We are aware that this Pope calls everyone ... aligned with his political ideologies, but he suffers from serious bouts of amnesia when it comes to everyone else. ... Pope Francis telephoned Emma Bonino [former Italian minister of foreign affairs who performed more than 10,000 illegal abortions] when he heard she was ill, he called Eugenio Scalfari [the atheist founder of leftist daily La Repubblica, whose conversations with Pope Francis always raise controversy], he immediately sent Abp. Vincenzo Paglia to see Marco Pannella [the late leader of Italy's Radical Party, an abortion rights champion and overall immoral public figure] when he found out that Pannella's state had deteriorated ... and so on. But unfortunately he has forgotten to give a quick call to those ... who attended Family Day, rallying in Rome for the values of the Christian family founded on the love of Christ. ... [Berlusconi] is about to have a difficult operation. He's not a very good practicing Catholic, but I know this doesn't matter [to Pope Francis]. ... Go and invite Berlusconi to repent and confess.
By October 2018, the tension had reached boiling point, and parishioners from Villa Saviola told media that Fr. Bisi's main problem was that he was "stubborn" and "spoke his mind."
"His homilies start well, but then he tends to exaggerate his own opinions," claimed one parishioner. "He needs to be more diplomatic."
Some of the minor altercations also involved Fr. Bisi arriving late for the celebration of Masses and disagreements in the organization of parish functions. Father Bisi claimed the diocese of Mantua was demanding his resignation:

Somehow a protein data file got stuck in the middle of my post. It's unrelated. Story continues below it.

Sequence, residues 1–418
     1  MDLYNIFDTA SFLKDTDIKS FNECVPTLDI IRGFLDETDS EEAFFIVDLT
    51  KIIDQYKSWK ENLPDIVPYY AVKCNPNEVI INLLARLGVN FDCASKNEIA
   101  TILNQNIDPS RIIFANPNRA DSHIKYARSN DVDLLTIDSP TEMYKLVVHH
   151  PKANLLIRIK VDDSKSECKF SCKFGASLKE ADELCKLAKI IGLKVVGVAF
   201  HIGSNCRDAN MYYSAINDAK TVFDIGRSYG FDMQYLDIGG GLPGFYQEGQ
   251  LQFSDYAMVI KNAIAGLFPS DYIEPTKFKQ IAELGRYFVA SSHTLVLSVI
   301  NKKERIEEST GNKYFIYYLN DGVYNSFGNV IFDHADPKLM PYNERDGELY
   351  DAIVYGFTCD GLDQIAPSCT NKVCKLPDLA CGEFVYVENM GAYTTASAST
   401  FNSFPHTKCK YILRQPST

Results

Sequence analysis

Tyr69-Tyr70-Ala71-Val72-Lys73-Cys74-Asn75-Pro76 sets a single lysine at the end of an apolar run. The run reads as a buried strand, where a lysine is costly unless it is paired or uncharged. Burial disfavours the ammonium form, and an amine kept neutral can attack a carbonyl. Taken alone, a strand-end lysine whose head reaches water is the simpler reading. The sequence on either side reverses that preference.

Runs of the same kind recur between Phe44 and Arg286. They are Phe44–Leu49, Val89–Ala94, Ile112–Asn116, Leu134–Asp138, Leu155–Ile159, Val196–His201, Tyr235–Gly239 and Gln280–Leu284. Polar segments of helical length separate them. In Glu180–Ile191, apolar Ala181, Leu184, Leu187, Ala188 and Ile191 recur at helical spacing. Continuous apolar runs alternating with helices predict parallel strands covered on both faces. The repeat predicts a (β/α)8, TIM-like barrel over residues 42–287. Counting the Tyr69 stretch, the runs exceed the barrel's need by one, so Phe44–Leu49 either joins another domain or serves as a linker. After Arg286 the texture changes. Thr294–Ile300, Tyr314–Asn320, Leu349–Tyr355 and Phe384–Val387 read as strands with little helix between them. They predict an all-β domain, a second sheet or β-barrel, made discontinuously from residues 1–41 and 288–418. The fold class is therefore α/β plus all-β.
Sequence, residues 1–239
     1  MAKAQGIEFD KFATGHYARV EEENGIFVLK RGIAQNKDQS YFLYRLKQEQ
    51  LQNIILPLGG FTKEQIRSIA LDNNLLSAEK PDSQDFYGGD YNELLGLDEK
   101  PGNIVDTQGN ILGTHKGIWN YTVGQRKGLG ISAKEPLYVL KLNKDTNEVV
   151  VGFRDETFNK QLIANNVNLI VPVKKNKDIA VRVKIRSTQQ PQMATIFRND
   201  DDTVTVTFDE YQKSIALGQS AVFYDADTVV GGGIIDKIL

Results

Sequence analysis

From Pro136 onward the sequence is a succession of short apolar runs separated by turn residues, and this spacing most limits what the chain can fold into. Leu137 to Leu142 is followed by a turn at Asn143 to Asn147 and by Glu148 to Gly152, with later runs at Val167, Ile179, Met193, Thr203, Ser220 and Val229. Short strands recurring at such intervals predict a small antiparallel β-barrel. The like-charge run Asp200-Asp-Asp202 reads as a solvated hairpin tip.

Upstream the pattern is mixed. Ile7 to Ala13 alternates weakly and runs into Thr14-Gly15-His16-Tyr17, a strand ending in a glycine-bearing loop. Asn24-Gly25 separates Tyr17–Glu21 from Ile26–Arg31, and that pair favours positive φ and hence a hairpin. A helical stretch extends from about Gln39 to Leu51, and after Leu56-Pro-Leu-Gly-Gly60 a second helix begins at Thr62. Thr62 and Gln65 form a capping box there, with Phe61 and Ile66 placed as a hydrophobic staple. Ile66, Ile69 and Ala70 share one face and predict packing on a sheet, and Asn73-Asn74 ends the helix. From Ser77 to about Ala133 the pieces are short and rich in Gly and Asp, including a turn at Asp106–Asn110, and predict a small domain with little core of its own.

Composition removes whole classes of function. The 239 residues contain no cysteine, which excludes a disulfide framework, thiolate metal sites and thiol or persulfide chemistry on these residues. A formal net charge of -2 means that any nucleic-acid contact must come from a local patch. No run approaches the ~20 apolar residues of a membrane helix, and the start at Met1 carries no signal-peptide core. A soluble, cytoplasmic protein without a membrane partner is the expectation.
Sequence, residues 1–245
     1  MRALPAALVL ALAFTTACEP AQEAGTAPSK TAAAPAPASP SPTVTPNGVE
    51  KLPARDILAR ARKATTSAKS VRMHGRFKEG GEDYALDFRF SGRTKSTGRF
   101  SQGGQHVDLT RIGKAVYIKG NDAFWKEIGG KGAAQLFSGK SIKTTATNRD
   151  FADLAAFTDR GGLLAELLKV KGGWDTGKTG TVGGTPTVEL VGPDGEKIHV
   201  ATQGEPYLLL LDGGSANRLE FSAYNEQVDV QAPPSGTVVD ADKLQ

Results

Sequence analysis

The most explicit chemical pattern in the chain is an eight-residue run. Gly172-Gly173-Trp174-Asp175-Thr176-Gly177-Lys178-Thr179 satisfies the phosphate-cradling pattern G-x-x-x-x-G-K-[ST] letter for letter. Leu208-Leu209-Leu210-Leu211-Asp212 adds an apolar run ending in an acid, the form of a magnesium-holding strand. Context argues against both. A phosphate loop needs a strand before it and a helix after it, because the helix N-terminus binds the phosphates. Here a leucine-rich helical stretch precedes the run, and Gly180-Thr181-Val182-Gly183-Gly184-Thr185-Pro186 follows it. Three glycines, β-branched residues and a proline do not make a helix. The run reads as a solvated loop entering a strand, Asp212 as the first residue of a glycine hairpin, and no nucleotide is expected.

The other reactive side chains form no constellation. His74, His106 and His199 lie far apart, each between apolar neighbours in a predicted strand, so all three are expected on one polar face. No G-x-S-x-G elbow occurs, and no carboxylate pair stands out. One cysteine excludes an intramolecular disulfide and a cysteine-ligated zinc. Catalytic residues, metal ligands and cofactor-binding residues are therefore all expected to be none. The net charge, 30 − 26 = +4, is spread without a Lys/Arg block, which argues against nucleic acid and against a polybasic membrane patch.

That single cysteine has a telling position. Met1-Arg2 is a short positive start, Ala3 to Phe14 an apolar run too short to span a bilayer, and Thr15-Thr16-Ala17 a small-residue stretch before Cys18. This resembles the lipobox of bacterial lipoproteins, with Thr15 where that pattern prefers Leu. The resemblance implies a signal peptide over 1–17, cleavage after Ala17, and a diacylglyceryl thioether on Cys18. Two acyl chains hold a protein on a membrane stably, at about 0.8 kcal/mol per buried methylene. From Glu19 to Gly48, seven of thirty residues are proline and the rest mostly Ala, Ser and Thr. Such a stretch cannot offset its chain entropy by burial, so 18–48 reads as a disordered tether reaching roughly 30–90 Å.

All they have against me are conjectures. The bishop has been asking me to resign for a while, but I haven't done anything wrong. I really would like to know what I'm being accused of. I want to know who reported me to the bishop, because I'm entitled to a defense and I'll defend myself anywhere, be it in the diocese or in a civil legal setting. ... It's true that once, in church, speaking of family in the Christian sense, formed by a man and a woman, as God has taught, I've expressed my disagreement of civil unions or marriage between people of the same sex. ... Is this the accusation against me? Should I resign because I've expressed my opinion as a citizen, a Christian, a Churchman?
Finally in February, Bp. Busca removed Fr. Bisi from the parish. For now he is still responsible for Motteggiana, but it remains that there exist no grounds for his dismissal. According to secular news outfit Ultimissime Mantova, Fr. Bisi was "lifted from his role for standing up for the truth of the Gospel."
Father Bisi declared that "for a priest to be removed from his role, there must be proof he has committed grave acts, such as theft, any sort of scandal, having a lover. I have not done any of these things."
Canon 1741 establishes the causes for the legitimate removal of a pastor: actions which bring grave detriment of ecclesiastical communion, ineptitude of mind or body, loss of good reputation, grave neglect of parochial duties and poor administration of temporal affairs.
Father Bisi is willing to take it to the Roman Rota if necessary. When asked if he would sign his resignation, he answered, "It goes against my dignity and I'd be endorsing hypocritical accusations, which are actually calumnies. I'm not fighting to keep my place as a parish priest; I'm fighting for Christian values."